And people would fight with each other about, you know, their preferred political candidates and causes. And they tended to not agree very much. And often people lost a lot of family and friend relationships over it. And what I noticed was that they would share these articles that would support their side but not be very convincing to the other side. So somebody on the left would be like, well, I'm right, because look at this article from HuffPost. This is like Donald Trump is blah, blah, blah. And people on the left would be like, well, I don't believe that, that's from HuffPost and folks on the right would say I'm right because look at this article from Breitbart, which says, Hillary Clinton is such and such and people on the left wouldn't agree with that either.
So I was like, you know, there are some media sources that are better, some are that are worse, some that are like, okay, and there's some that are left and right. But then there are some that are very extreme. So how can people seem to be having a hard time telling a difference between these things? So, I’ll tell you the short version of the story, but I created a visual chart (because I'm a nerd and I did this in my free time as a lawyer), but when I put it online to talk to my family and friends about it, it went massively viral. It took over my life for a couple of years as like this side blog project, but then I realized that there was like a real need for this data, a need for this, like a methodology to rate news because we didn't really have news ratings.
We've never lived in an era where we have tens of thousands of news and news-like information sources. So for the first time we sort of need labels like, like content ratings on them. And so for the last five years, I've developed this business. A lot of things have happened that led up to sitting here today.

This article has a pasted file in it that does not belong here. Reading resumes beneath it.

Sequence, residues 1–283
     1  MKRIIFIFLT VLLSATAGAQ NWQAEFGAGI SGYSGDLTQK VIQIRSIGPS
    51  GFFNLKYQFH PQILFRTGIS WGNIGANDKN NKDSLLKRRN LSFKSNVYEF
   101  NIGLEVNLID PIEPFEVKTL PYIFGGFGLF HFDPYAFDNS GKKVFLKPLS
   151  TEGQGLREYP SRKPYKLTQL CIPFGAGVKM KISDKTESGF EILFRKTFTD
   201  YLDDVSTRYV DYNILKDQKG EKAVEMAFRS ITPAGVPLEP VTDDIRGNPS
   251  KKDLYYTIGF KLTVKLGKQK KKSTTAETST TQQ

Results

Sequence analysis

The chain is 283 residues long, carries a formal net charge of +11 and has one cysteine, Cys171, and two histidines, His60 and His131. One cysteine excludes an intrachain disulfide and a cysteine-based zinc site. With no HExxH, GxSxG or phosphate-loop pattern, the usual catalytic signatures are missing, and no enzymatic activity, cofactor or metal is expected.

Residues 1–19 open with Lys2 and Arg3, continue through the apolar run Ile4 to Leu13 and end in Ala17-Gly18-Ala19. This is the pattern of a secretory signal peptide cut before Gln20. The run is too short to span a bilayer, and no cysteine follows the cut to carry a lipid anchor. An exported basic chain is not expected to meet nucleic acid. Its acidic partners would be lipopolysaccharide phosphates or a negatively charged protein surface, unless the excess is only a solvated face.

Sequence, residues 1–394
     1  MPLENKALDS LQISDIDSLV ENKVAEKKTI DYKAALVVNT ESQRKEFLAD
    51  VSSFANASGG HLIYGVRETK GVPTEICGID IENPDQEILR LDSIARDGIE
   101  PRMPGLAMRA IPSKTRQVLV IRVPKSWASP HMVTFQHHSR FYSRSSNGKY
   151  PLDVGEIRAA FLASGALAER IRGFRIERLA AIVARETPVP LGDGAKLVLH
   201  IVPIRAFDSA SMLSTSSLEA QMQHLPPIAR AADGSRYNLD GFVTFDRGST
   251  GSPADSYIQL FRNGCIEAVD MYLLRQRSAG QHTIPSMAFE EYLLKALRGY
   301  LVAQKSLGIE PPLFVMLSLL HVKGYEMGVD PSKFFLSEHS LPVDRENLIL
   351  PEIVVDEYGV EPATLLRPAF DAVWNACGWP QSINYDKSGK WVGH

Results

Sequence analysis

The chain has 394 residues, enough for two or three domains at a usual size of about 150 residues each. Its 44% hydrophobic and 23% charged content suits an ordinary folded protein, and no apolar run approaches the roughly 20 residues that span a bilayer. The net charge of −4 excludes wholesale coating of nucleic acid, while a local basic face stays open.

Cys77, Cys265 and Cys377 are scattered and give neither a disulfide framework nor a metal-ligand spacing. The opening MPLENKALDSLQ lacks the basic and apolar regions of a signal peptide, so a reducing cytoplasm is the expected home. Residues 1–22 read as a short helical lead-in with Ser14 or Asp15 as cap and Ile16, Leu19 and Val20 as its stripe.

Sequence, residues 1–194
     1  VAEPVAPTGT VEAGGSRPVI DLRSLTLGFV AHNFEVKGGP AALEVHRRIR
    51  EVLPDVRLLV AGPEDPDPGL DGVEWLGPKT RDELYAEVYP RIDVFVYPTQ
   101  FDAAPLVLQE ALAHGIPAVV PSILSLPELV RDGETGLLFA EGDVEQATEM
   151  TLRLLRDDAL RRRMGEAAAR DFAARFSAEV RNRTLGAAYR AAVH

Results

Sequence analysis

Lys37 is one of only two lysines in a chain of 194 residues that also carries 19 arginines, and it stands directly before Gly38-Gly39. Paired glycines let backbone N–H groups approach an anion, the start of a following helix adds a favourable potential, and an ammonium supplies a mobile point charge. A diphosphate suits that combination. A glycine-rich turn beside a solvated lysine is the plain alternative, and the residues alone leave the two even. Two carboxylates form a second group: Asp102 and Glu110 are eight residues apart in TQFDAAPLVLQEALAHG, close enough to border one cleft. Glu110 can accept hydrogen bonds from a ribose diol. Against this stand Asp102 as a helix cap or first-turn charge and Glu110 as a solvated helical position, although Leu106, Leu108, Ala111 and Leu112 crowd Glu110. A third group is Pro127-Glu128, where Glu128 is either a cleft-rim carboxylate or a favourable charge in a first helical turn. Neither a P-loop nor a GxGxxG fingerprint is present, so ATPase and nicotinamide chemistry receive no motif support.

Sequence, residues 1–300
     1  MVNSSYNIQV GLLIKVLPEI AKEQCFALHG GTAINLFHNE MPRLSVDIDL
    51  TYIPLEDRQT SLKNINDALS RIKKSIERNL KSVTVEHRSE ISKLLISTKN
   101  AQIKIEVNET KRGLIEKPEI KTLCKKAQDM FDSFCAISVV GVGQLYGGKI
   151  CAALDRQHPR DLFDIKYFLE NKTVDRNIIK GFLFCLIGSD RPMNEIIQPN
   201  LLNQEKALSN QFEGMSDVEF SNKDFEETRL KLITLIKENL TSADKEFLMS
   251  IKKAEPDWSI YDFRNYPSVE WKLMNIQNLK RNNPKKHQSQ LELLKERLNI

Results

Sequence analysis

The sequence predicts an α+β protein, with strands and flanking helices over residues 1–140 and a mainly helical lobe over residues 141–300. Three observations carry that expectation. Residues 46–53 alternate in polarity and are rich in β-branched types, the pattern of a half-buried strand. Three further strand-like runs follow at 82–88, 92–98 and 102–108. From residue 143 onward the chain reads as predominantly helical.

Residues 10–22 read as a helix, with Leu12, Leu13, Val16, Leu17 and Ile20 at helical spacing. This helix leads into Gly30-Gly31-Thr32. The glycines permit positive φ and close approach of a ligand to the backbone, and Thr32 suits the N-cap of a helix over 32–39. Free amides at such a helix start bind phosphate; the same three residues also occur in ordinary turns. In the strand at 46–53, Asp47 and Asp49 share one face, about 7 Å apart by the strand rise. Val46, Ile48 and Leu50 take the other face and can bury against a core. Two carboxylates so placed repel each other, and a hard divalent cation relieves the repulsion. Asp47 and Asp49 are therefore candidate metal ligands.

That's so awesome. Yeah. I mean, I think we all remember those Facebook days and I think people were just posting and sharing whatever resonated with them. There was very little fact checking. So I think it's so interesting how it all got started. And I'm just thinking: You're working as a lawyer… Can you describe the moment that you decided you wanted to go all in on this?
Yeah, I mean, it seemed… It's hard to pinpoint a moment, but I mean, there was definitely a moment where I left, right. So it was when it went viral, it was so time consuming. I mean, I didn't have a bunch of Twitter followers or like, I was not a social media influencer, but all of a sudden, like everyone on the Internet had an opinion about this, the placements on this chart and they were like, well, CNN should be higher or lower, more or less… more, right. You know. Everyone had an opinion on their favorite news sources and their less favorite news sources. So just like responding to all these folks, it was really like the MVP of a product, you know, like at start ups you talk about MVP's and it was the most minimally viable product, literally an image. But I got to talk to people who would be like future customers and like what they wanted. They kept asking for data and they would complain. They'd be like: Well, this is biased because you're biased. And I was like, Well, that's true.
So how do I make it less biased? And people would complain like: Well, this is just your opinion. This isn't like, this isn’t academically rigorous. And I was like, you're right, totally. But what shocked me was that teachers would use it in classrooms and textbook publishers would ask for licenses to print it in textbooks.
I'm like, don't do that. This is like biased and not academically rigorous. I was a lawyer. Like, I wrote, like legal papers and stuff. And I know the value of like citing sources and having it be correct and like all that is super important to me. So that's why I wanted to, like, fill that need and like, respond to it like, I wanted to create the methodology.